Updated 07/06/11 - 6:37 p.m.
CHICAGO (CBS) -- It was 10 years ago Wednesday when Tionda and Diamond Bradley disappeared from their home on the city's South Side, and the family says it feels like yesterday.
As WBBM Newsradio 780's Steve Miller reports, the girls' family is asking for the public's help.
LISTEN: Newsradio 780's Steve Miller reports
If they are still alive, Tionda Bradley would be 20, while Diamond would be 13.
The Bradleys' extended family comes together once a year, determined to keep the disappearance of Diamond and Tionda in the public eye. But it's something they live with each and every day and have now, for 10 years.
The Bradley sisters' great aunt, Sheila Bradley-Smith does not believe the girls are still alive. But she says she is hoping against the impossible that they might be.
Meanwhile, the scars of the girls' disappearance are still fresh in the family's mind.
"It still seems like yesterday to us," Bradley-Smith said. "Time stands still totally for us."
Because she believes the girls are probably dead, she is asking for some very specific help – to search for their bodies.
"Anyone with farmland that has abandoned barns or storehouses, I'm asking those people in particular to go out and survey and search on their land, places that they could have been buried," she said.
Michael Carter, the girls' oldest cousin, was 13 when they vanished.
"Some nights you lay awake at night, you're wondering, your mind is racing and you lose a lot of sleep and it affects your life, your daily life," Carter told CBS 2's Derrick Blakley.
Police launched one of the biggest manhunts in Chicago history after the girls disappeared, searching open fields, railroad cars, and 5,000 abandoned buildings. It mostly turned up nothing.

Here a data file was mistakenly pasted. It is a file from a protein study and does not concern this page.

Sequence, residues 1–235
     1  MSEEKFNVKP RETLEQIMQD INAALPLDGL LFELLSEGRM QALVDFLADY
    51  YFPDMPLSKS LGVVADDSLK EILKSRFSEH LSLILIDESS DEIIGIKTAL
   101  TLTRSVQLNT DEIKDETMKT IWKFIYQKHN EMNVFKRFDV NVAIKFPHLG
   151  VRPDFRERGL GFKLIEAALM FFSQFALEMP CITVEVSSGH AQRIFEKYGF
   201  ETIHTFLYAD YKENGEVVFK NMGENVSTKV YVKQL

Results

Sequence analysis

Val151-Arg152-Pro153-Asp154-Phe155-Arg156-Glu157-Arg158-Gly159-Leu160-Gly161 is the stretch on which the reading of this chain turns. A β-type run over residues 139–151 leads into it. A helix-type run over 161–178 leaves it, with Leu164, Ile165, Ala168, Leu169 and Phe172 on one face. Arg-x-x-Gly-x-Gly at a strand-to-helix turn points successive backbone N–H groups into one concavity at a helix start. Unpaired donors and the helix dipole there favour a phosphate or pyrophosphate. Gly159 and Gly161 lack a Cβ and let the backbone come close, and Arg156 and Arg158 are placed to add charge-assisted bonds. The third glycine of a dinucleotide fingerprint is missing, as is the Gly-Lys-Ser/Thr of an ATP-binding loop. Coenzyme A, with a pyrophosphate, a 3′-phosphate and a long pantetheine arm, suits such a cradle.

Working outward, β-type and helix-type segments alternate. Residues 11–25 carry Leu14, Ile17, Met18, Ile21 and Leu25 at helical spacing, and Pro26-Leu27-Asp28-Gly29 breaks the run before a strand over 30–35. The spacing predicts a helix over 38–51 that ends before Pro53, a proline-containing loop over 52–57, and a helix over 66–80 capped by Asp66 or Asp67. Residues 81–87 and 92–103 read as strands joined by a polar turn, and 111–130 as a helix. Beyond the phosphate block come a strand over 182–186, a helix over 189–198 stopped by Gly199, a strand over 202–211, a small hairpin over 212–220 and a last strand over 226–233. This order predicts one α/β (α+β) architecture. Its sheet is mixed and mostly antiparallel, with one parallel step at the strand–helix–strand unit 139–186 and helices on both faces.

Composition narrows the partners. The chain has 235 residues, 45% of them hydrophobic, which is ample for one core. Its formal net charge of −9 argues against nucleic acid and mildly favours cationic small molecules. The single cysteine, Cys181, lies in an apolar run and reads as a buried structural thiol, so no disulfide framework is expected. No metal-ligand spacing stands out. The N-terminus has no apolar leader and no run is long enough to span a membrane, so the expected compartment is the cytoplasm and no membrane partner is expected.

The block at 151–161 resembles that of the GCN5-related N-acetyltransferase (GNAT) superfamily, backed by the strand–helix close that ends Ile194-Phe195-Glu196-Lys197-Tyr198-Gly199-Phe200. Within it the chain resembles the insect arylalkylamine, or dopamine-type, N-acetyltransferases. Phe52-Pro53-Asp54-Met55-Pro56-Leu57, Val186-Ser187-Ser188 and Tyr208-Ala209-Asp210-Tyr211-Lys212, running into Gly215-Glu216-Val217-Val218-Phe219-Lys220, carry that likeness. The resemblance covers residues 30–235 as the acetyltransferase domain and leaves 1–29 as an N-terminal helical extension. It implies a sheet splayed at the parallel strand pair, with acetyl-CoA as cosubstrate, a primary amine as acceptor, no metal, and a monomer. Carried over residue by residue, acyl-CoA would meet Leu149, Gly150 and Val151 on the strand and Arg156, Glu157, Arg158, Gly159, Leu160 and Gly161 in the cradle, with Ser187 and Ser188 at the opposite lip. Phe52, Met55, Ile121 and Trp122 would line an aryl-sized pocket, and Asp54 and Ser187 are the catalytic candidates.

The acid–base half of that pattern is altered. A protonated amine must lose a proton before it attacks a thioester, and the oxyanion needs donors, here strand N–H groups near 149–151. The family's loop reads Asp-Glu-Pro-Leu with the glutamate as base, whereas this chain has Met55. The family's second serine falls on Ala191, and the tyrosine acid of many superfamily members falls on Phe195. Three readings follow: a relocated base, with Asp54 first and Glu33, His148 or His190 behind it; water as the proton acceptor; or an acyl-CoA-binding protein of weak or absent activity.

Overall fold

Their grandmother, Mary Bradley, said she truly believes police have done everything they can to find Diamond and Tionda.
Today, Tionda would be 20, Diamond would be 13.
Sheila Bradley-Smith said she reached a new breaking point at a ceremony for missing children.
"As were were standing there lighting the candles, a person passed me a second candle and I was trying to give it back to the person, but then it finally occurred to me that i was the only one who had two candles," she said. "And everyone else there had one."
Family members have been living on hope but are realistic as well.
"I don't know if they're dead or alive. Hopefully, I wish they would be alive but if not, I'm prepared for it," Mary Bradley said.
Police say the investigation into the girls' disappearance is in the Cold Case Unit, and is a priority for the detective who is assigned to the case.
Bradley-Smith says she is encouraged by the new investigator, Det. Ed Carroll.
"He is really vigilant," she said. "He's a real go-getter."
While police could not confirm it, Bradley-Smith says there are some promising leads in the case.
"Some valid tips have come in, and also some more evidence may have come in," she said.
Family members still believe that someone saw something and knows something about what happened to the girls and that, eventually, they'll talk.
Tionda and Diamond were last seen in their apartment complex near 35th Street and Cottage Grove Avenue on July 6, 2001. Their last communication was a note saying they were going to play at a park.
A Web site, FindTiondaAndDiamond.com, remained active for several years but has now been taken down. But another site mounted by Bradley-Smith is still active, and points out there is still at $30,000 reward in the case.
In 2008, a private detective concluded that a mysterious Internet picture that appeared on a MySpace profile was in, fact Tionda Bradley, but that conclusion later proved incorrect.
The family will hold a vigil Wednesday evening for the girls.
for more features.